Distributions should be on a year-to-date (YTD) calculation, paid quarterly. So the company doesn't take all of the risk, pay two-thirds of the YTD bonus at the end of the first quarter, 75 percent at the end of the second, 85 percent at the end of the third and the remainder at the end of the year. This reserve within the company will avoid early payout for exceptional results, without sufficient catchup period if these results don't continue.
Employees can share in the rewards as they occur rather than waiting until year end—an added incentive.
Direct your general manager to guide the value of the company in terms that an investor or potential purchaser would use to measure the printing operation. The real entity value is based on market value of assets, their ability to produce economic value, the ability of the management team to produce cash and profits on a recurring basis, and on the ability of the company to produce quality products and maintain customers on a consistent basis.
The general manager will drive volume and throughput well beyond breakeven levels, and will support their managers to achieve results. If all managers make their goals, the GM will make his/her goals because the equity value will increase.
Emphasize interdepartmental coordination. Sales can support production by seeking jobs that fit the plant with flexible delivery schedules, if needed. Production can support sales by over-recovering rates and delivering quality products on time and under budget. Pricing/estimating can support the whole process by improving the win ratio of jobs bid, and by leveling the load to stabilize throughput, thus driving volume. If workflow through the plant is level, then overhead as a percentage of sales is reduced, producing greater profits or more competitive rates.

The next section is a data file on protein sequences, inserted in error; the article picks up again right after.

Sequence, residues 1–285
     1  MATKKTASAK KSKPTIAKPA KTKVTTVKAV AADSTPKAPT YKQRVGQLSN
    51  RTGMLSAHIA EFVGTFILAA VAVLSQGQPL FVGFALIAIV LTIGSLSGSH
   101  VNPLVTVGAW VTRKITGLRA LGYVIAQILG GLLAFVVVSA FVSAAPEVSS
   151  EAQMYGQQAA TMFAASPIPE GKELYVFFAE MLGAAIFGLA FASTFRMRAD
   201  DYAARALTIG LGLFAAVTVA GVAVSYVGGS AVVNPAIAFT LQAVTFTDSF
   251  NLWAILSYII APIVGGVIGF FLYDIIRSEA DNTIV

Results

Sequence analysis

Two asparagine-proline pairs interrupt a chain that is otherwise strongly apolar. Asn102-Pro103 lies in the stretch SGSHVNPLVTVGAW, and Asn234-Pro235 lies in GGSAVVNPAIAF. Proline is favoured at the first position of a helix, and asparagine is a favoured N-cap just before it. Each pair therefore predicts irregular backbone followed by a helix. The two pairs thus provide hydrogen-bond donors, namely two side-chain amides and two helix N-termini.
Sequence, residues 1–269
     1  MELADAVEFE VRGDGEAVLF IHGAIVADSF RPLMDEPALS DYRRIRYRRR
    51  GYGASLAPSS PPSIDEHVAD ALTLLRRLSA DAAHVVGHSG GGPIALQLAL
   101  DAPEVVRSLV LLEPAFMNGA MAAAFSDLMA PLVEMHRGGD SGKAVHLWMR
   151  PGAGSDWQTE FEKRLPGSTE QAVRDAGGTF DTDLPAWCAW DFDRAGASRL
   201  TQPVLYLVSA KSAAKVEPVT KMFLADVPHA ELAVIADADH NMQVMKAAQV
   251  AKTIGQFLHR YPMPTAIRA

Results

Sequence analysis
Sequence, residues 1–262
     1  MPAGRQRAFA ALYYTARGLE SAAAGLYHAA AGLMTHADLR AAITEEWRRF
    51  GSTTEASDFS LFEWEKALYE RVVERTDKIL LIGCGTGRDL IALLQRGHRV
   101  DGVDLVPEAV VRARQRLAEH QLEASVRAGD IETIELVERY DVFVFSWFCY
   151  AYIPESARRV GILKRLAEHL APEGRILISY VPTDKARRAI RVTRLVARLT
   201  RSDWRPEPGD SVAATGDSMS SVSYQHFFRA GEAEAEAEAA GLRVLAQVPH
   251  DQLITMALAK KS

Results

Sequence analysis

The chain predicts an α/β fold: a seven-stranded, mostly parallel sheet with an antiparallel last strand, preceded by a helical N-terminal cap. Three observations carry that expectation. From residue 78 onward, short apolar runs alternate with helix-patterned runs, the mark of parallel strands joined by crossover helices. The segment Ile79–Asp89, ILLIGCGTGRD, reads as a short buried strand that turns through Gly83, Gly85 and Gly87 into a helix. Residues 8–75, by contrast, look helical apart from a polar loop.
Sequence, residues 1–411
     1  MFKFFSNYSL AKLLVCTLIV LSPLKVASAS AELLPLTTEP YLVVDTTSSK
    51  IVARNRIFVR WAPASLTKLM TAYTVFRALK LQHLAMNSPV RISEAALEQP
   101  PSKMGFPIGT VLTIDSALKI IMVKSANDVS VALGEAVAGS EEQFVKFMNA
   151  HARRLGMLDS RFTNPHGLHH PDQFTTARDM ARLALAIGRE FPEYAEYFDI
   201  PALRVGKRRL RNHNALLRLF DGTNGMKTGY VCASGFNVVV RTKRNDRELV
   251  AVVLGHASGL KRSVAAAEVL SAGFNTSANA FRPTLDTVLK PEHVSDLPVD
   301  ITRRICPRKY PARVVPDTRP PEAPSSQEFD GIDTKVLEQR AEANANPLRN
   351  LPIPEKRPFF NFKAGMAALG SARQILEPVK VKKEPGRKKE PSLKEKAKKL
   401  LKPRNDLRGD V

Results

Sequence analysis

Put salespeople on a tiered commission structure to reward them for new customers and value-added sales. Reward a higher commission percentage for jobs from customers added in their first year with the company, and on a declining scale thereafter. Put customer service on an incentive override above salary to drive revenue growth and retention from existing customers.
The best measure of plant throughput is hours worked vs. hours billed, those on all the time cards compared to invoiced to customers. The closer this ratio is to a 1:1 relationship—the better the productivity, the throughput and the profitability. When they go over on one job, they will be incentivized to go under on another to balance the overall ratio for the period.
The whole concept of 1:1 accountability will bring out issues regarding accuracy of estimating standards, justifying department costs, scheduling inequities, flexibility and the need for volume. It will rebalance the rates and force flex scheduling to meet throughput demands.
Murphy created his laws for a reason; things do go wrong. When there is flexibility in delivery time, and you avoid 'just-in-time' pre-paration, you drive profitability. The ability to slot another job into production while problems are resolved will maximize yield and eliminate standing around a idle printing press.
Incentive-based management is a catalyst toward improving direction and value creation.
About the Author
John M. Collard, a certified turnaround professional, is chairman of Annapolis, MD-based Strategic Management Partners. He can be reached at (410) 263-9100.